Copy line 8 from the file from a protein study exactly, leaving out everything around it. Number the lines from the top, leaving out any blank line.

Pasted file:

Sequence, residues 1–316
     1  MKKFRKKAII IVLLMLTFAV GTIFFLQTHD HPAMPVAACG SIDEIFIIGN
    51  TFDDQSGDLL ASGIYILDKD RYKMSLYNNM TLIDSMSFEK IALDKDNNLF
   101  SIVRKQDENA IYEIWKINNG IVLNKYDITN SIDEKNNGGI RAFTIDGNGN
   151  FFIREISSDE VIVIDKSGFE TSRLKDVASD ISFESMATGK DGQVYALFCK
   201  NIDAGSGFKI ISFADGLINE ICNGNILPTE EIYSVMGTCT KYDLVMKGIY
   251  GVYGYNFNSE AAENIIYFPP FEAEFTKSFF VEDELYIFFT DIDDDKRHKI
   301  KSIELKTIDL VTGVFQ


   301  KSIELKTIDL VTGVFQ